Apart from the enviornmental impact of production of NiMIH of Li-Ion batteries, another major problem is the disposal or recycling of these batteries, which also adds to the carbon debt. I am wondering whether the report considered this aspect.
I am very intersted in helping the environment and doing my part to eliminate the myth of global warming. I would like to see the replacement of the batteries as part of the total CO2 cost in this equation. I'm led to believe that the batteries last longer than in gasoline powered cars, but need to be replaced at about 100K miles. This would increase the carbon foot print by quite a bit. The big thing I would look at as a consumer is the overall cost per mile. The difference in a hybrid vs a comparable gasoline vehicle is thousands of dollars. I can purchase a lot of gasoline for that even at today's prices. The last issue I would worry about is the life of the batteries in a warm climate. How long do the batteries last in Phoenix? I know that my car battery does not last as long in 100+ weather.
@Duane: good points you raise... regarding the energy density metric of gasoline against everything else, one thing you may also want to consider is the unitized cost, i.e., cents / energy density. I believe this is skewed in favour of gasoline but I expect the true 'green' energies to cross over as we make more progress.
@Junko: I think folks from EV manufacturing companies will most likely pay close attention to the methodology used in the report: Section 6 onward where computing greenhouse gas (GHG) emissions were explained.
Unfortunately this report does not factor in other important aspects such as the large pull that the gasoline lobbyist have on our government.
Even in states where electrics appear to have an advantage today, well tomorrow may bring a different story especially when revenues of gas companies may go down in the so called green states.
As an example here in Oregon the talk is on taxing electrics heavily due to the fact that the gas tax money is dwindling and money for road repairs that comes directly from gas taxes and such are no longer there.
One plan is to install sophisticated GPS trackers in EV's which would then record and report the mileage driven via some type of RF link and at the years end the state tax department would then send a tax bill with the dollar amount comparable to what a gas vehicle user would pay at the pump.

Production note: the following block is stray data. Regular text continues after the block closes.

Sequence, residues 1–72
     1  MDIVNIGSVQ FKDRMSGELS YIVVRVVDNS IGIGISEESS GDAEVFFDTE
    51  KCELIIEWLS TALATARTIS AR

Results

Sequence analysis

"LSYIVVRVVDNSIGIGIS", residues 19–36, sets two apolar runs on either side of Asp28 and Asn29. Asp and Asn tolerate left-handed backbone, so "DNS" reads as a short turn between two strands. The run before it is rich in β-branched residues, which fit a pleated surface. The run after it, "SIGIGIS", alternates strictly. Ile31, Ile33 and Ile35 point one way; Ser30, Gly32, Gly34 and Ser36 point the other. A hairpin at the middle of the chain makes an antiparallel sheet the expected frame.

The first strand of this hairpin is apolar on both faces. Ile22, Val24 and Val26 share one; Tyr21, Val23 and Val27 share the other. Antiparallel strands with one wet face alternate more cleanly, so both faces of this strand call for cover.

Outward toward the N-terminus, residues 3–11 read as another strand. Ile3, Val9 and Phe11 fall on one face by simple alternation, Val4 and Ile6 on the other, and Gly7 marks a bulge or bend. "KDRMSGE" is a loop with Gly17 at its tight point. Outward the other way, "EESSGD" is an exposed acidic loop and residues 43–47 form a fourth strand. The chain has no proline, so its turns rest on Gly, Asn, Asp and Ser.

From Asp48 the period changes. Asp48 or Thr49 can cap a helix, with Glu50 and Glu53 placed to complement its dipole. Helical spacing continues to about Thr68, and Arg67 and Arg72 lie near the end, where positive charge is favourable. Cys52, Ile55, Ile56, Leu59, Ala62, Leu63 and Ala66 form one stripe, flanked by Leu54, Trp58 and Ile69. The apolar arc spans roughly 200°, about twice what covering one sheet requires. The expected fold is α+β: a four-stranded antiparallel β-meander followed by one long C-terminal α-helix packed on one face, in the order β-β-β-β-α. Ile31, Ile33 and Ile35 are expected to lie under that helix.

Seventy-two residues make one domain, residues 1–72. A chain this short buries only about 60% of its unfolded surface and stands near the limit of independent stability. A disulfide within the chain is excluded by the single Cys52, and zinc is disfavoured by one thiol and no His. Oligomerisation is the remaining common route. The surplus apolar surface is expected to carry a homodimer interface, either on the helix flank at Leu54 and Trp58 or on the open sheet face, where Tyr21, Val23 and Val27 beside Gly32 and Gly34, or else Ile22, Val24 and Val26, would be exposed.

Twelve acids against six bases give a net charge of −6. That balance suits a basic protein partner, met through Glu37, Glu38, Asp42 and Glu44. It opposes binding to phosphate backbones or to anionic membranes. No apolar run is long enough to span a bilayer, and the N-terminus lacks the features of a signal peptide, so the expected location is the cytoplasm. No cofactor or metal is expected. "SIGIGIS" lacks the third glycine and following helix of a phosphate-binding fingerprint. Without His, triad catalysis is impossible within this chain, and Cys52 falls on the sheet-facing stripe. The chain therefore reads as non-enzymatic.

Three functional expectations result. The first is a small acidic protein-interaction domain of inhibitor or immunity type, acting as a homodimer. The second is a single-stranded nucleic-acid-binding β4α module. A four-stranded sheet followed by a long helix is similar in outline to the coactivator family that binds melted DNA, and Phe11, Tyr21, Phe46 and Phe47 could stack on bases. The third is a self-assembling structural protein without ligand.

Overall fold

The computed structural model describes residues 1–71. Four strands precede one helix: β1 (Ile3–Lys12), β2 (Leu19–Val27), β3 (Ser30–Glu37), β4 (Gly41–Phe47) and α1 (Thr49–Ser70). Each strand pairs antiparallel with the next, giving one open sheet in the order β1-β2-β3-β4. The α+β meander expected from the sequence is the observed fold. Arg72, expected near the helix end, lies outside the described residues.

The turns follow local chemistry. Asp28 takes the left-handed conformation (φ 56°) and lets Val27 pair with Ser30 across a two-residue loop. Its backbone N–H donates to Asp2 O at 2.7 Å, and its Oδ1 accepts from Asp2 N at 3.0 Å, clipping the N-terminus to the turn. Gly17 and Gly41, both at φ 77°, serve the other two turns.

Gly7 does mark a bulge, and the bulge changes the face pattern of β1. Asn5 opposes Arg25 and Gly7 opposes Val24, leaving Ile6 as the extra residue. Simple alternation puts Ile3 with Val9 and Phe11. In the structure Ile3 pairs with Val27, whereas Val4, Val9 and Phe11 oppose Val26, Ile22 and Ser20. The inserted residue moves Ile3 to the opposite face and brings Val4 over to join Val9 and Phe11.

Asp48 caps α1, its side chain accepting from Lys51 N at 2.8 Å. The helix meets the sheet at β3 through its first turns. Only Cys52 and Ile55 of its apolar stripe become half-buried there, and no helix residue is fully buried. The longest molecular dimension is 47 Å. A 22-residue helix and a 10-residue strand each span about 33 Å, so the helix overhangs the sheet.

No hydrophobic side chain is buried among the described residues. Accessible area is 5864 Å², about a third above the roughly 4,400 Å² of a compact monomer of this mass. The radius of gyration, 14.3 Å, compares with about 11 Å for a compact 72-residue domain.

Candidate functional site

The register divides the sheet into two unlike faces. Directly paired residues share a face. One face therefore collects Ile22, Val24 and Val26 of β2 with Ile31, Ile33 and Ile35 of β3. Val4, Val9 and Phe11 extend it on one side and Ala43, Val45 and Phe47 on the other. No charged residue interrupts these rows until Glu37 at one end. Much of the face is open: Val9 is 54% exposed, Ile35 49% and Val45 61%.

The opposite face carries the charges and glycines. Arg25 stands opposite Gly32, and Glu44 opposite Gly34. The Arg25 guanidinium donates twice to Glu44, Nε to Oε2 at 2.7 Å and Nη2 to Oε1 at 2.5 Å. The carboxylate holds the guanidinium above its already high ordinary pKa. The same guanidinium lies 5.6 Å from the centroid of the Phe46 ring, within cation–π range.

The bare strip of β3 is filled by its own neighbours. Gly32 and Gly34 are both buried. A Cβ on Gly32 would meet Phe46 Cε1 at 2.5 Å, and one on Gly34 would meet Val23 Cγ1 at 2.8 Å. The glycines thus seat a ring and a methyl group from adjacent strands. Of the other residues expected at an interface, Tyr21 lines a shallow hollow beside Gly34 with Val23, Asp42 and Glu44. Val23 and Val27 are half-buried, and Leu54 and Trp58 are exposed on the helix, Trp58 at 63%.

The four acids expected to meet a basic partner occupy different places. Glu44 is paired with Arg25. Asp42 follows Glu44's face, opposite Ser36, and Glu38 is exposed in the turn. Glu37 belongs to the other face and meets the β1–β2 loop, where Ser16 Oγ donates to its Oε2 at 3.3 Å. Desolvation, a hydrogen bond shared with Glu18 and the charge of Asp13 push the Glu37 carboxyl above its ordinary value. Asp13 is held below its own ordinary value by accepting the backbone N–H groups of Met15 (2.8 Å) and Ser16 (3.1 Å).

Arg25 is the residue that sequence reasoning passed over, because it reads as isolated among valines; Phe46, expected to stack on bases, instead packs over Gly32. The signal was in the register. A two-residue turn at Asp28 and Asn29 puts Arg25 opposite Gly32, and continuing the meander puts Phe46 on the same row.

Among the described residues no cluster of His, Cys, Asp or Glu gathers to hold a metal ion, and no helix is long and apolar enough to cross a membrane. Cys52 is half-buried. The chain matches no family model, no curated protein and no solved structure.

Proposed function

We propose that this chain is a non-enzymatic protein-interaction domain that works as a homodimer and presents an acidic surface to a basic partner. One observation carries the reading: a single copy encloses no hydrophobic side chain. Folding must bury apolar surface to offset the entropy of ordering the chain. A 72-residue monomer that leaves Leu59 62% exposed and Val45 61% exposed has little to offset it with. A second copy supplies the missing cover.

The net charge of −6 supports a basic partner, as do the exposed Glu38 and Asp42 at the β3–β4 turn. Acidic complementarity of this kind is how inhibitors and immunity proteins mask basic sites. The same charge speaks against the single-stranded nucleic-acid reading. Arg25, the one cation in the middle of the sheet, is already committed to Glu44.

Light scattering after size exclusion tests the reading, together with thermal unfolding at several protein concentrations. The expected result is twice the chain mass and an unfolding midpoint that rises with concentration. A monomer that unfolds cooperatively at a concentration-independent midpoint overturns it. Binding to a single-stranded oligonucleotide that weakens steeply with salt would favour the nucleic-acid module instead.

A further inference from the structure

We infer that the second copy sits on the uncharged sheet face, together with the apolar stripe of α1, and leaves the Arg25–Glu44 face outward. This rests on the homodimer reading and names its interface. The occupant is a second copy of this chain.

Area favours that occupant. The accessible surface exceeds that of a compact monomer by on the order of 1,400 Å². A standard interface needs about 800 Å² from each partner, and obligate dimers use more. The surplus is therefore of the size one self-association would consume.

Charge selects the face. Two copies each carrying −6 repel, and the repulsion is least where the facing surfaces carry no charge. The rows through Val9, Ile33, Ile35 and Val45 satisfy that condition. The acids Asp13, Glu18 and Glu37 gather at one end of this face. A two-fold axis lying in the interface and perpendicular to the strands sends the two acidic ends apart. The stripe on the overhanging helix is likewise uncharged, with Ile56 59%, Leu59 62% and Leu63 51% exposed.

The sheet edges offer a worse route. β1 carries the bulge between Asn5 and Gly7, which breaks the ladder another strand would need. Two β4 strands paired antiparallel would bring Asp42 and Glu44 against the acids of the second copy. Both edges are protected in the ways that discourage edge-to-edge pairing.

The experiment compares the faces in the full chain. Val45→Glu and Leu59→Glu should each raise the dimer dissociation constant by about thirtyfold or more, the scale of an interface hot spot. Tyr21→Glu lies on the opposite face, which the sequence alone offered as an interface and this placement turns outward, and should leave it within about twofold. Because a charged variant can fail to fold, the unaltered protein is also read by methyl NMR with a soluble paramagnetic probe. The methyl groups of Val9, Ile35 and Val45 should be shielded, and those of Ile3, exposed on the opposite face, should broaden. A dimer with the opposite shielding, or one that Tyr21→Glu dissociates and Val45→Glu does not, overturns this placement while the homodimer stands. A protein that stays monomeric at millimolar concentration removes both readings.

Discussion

As a result even though we may have a distinct electric advantage today, tomorrow due to lobbyist for the gasoline industry and such I'm afraid that this advantage may dissapear very fast.
Never underestimate the grred of a multi billlion, or is it trillion, dollar industrys pull on maintaining profits in double digit numbers.
Chanj0, the easiest way to communicate with consumers about carbon footprint of a car is through the mileage of a car, but naturally, there are other factors, beyond tailpipe CO2, that need to be considered.
As a starter, here's something we can all work with:
I guess EVs are much greener when you charge them with your own solar generated energy such as solar panels. That could be an option to make it greenr. The only problem is that most EV cars or EV hybrid cars offered in the US do not offer the range many people drive.
@pinhead, true. There is no single clear, easy answer. And yet, I was actually pleasantly surprised to see how far we have come, in some states that have electrical grids with substantial amounts of hydro, nuclear, and wind power, essentially producing no carbon emissions.
That is definitely changing the picture in some states.
Drones are, in essence, flying autonomous vehicles. Pros and cons surrounding drones today might well foreshadow the debate over the development of self-driving cars. In the context of a strongly regulated aviation industry, "self-flying" drones pose a fresh challenge. How safe is it to fly drones in different environments? Should drones be required for visual line of sight – as are piloted airplanes? Join EE Times' Junko Yoshida as she moderates a panel of drone experts.